NPR logo A Broader Way of Measuring Poverty Proves Controversial

Developing Economies

A Broader Way of Measuring Poverty Proves Controversial

Woman, Niger, November 2009 Ferdinand Reus/Flickr hide caption

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Ferdinand Reus/Flickr

A new index to measure poverty takes into account not just income but nutrition, living conditions and other factors.

Typically, economists focus on income levels when evaluating what percentage of a given populuation lives in poverty. But the new index's creators at the Oxford Poverty and Human Development Initiative and the United Nations Development Program wanted to provide a more nuanced look at poverty.

Measured by where the highest percentage of people have incomes of $1.25 or less per day, for example, Tanzania is the world's most impoverished country. But measured by the broader group of factors, Niger is the world's impoverished, followed by Ethiopia and Mali. Tanzania is 19th.

Somebody doesn't like this new measure, called the Multidimensional Poverty Index, or MPI. It's the guy the Economist describes as the pioneer of the dollar-a-day methodology, Martin Ravallion, who directs the Development Research Group at the World Bank.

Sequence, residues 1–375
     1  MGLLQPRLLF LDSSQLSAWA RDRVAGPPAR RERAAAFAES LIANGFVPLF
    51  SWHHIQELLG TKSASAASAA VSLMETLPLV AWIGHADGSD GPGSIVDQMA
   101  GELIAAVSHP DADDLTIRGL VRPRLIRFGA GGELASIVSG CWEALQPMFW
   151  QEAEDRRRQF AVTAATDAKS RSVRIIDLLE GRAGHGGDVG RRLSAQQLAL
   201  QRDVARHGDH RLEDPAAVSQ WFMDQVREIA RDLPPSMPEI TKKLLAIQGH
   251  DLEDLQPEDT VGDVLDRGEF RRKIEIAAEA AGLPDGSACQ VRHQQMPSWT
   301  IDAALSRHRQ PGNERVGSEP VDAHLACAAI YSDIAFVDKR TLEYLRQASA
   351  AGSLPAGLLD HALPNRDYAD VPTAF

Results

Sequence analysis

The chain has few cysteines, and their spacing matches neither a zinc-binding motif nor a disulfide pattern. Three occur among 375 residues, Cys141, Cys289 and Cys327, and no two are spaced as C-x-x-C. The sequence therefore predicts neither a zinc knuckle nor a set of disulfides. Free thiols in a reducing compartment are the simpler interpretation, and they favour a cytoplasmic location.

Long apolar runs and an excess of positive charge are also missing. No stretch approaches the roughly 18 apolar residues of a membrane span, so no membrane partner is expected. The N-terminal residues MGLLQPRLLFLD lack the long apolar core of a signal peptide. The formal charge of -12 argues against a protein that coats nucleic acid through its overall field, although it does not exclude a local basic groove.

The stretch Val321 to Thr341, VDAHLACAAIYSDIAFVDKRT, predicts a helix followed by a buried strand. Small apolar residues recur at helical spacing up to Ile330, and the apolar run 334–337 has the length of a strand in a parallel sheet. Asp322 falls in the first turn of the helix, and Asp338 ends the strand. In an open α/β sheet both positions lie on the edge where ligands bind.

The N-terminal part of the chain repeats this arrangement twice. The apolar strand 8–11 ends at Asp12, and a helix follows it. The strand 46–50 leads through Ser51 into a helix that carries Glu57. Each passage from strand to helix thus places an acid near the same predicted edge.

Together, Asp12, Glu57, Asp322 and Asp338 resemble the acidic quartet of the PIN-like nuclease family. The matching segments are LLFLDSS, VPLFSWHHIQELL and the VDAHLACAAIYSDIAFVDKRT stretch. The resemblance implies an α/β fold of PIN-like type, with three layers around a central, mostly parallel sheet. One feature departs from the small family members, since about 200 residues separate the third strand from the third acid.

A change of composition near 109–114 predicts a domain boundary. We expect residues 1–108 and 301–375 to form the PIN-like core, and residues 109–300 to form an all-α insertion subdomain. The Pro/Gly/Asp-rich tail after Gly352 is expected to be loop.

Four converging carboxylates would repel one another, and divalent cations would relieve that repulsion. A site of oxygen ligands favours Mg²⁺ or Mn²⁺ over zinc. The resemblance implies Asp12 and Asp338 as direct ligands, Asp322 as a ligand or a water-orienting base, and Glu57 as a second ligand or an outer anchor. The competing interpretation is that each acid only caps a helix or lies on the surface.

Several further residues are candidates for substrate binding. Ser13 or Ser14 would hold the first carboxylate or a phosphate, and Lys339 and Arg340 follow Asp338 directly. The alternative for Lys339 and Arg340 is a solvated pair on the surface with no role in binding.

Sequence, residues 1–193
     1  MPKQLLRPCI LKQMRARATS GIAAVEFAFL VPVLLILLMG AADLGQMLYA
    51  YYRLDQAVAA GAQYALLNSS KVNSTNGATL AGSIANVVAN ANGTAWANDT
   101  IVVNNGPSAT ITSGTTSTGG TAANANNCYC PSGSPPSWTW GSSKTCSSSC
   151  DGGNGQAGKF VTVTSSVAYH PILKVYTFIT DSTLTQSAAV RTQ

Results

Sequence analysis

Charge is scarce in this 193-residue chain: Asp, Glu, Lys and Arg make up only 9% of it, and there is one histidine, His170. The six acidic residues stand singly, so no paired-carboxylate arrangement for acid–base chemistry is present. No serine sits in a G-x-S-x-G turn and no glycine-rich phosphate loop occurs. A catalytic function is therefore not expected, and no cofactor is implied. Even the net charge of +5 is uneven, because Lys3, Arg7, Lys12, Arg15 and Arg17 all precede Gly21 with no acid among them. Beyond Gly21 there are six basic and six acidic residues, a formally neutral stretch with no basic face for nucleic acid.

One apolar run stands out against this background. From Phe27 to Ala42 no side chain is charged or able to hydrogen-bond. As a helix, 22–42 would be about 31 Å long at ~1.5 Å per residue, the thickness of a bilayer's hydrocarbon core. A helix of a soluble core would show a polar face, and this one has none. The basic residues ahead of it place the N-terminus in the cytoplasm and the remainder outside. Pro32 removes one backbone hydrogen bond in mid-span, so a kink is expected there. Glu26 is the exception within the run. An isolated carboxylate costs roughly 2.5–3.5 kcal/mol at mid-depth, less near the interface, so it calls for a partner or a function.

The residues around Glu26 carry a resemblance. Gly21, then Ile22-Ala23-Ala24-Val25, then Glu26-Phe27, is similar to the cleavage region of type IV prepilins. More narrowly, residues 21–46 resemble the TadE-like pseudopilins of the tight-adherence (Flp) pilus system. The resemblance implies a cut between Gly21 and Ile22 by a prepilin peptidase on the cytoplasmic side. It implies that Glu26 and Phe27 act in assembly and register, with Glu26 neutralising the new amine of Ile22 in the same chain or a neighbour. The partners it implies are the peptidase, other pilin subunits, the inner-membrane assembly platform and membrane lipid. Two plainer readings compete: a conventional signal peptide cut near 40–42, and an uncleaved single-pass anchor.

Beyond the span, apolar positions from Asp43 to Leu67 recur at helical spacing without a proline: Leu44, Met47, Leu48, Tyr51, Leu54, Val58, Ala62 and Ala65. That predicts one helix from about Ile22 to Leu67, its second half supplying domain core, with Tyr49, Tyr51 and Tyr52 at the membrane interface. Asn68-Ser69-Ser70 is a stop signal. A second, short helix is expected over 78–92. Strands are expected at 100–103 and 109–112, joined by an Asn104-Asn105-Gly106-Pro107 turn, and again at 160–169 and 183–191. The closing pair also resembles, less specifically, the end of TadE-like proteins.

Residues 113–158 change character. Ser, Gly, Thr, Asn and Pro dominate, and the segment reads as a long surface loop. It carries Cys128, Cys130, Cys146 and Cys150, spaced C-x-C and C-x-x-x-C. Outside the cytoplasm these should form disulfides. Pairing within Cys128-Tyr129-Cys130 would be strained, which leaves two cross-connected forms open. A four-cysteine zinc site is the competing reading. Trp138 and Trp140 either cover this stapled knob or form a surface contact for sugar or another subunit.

He finds fault with the way the MPI creators weighted the different factors that make up their index. He and the MPI's Sabina Alkire have been debating the issue on aid group Oxfam's blog.

No matter whether you slice it the old way or the new, African countries are far and away the most impoverished. To see fascinating details on the factors the MPI takes into account— like whether a household has a sand, dirt or dung floor and whether residents use wood, charcoal or dung as fuel— click here and look at "Inside the MPI" on page 2.

UPDATE: Typo in first paragraph fixed. Thank you Peter.